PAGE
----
R10m sails off with police boats

R10m sails off with police boats

Sunday Times
Bobby Jordan
23 December 2012
 

Patrol vessels and deposit lost as company capsizes

The problem far exceeds the enforcement capacity available to deal with it. The fallout affects all of us These vessels are a perfect fit for any coastguard or police agency.

SOUTH African taxpayers funded a deposit of about R10million to build a new fleet of police patrol boats ­ only to see them auctioned off to somebody else.

The four state-of-the-art vessels were commissioned by the police in January 2007 to beef up their ailing water wing.

Now it has emerged that they were auctioned off to a private security company in the United Arab Emirates and will be deployed off the east coast of Africa to protect commercial shipping from pirates.

The R32-million tender to build the boats was awarded to Cape Town company Eraco. But Eraco later filed for liquidation and the boats were attached by the sheriff of the court.

This week the Sunday Times established that the police did not bid at the auction in 2010 and appear to have cut their losses.

They declined to comment this week or say how much money they lost on the deal.

KND Naval Design, a Cape Town boat-building company, snapped up the half-built vessels at the auction for about R10 million.

Since the auction, the police water wing has not invested in any new vessels, and its fleet has fallen into disrepair.

Maritime experts say the patrol vessels could have had a significant impact on protecting abalone along the coast, where poachers operate with virtual impunity.

The police water wing, or sea border unit, is on a tight budget with just a handful of operational boats.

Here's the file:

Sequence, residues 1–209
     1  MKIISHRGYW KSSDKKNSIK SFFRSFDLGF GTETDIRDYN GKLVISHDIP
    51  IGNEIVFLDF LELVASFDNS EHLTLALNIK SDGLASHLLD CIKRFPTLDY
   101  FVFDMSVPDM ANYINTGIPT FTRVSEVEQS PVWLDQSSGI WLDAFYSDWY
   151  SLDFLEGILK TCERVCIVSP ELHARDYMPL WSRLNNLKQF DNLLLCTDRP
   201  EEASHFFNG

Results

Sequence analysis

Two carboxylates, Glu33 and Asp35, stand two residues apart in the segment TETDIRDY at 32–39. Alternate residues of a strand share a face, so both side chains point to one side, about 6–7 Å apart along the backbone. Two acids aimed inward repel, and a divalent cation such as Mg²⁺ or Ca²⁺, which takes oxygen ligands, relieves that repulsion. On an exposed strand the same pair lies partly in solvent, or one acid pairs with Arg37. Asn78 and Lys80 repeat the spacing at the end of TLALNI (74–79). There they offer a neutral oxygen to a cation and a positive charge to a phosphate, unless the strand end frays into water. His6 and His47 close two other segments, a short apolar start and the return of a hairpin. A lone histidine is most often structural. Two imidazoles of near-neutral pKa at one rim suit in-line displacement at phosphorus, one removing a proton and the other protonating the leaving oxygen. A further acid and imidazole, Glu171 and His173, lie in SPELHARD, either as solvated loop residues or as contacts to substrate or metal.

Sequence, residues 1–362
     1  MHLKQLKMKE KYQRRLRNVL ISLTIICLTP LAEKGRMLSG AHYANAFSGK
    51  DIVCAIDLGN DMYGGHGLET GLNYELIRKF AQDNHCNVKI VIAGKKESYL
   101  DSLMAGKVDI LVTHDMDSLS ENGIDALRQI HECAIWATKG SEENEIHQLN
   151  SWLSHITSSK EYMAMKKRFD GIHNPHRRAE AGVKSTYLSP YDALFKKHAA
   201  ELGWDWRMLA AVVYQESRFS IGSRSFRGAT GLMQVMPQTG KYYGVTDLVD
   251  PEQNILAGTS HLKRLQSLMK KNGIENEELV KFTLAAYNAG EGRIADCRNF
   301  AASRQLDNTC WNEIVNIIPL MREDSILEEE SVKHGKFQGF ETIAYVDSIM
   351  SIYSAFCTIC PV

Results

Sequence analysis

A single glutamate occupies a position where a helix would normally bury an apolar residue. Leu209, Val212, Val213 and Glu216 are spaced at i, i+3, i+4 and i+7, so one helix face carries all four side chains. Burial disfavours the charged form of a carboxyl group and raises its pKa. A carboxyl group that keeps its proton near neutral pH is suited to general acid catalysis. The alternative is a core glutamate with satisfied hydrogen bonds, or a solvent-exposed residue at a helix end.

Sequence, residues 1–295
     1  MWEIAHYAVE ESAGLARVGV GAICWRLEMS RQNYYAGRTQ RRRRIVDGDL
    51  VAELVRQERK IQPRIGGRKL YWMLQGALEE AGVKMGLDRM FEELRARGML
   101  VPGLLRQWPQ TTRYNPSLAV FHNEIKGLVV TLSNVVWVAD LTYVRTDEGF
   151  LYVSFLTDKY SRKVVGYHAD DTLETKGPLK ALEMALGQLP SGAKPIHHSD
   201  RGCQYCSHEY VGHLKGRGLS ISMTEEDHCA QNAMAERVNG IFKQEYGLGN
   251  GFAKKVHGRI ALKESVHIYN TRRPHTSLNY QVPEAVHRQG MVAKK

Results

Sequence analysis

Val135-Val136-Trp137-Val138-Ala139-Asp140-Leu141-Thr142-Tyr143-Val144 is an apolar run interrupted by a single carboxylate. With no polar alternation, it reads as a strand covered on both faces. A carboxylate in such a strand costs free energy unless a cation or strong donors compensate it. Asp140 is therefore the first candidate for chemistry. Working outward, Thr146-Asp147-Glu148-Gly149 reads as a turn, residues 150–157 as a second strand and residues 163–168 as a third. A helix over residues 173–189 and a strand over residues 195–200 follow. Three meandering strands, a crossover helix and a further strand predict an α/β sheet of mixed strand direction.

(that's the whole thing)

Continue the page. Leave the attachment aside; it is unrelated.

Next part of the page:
The new vessels would have been based in Saldanha Bay, Cape Town, Port Elizabeth and Richards Bay.

The government’s fisheries patrol fleet, formerly operated by the Department of Agriculture, Forestry and Fisheries, has been largely inactive since being transferred to the navy earlier this year.

Meanwhile the auctioned vessels are nearly all complete and will soon be deployed. The first was launched in Dubai this month and is awaiting sea trials.

KND managing director Kobus Potgieter said he had installed advanced equipment on the instructions of his client.

The first two craft now have underwater cameras, helicopter drones and rigid inflatable boats.

Potgieter had hoped the vessels would stay in South Africa.

“I offered them [the SAPS] the option to discuss the possibility to finish the vessels for them at a fee. No reply was received,” he said. “They basically wrote off the deposit of the contract, which was around R10-million.”

Potgieter said medium-sized patrol vessels were more effective in policing the coast than larger vessels, such as SA’s frigates. “These medium-size vessels are a perfect fit for any coastguard or police agency or country. They are the right size to react quickly when needed. These vessels are not expensive to run and maintain.”

South Africa’s abalone stocks are being decimated by poachers feeding markets in Asia.

In August police water wing members were involved in a dramatic stand-off with poachers off Robben Island and arrested several of them. But only one of their three vessels was stopped.

Confiscated items included 18 scuba cylinders, four dive torches, four buoyancy compensators and more than 2 000 shucked abalone.

Commentators said the operation illustrated the dire need for more patrol vessels to combat the highly organised poaching syndicates.

This week the City of Cape Town launched its own marine patrol unit and made warehouse space available for its police counterparts.

The city’s mayoral committee member for safety and security, JP Smith, said the unit would help support the water wing.

“The problem far exceeds the enforcement capacity available to deal with it. The fallout [from poaching] affects all of us,” he said.

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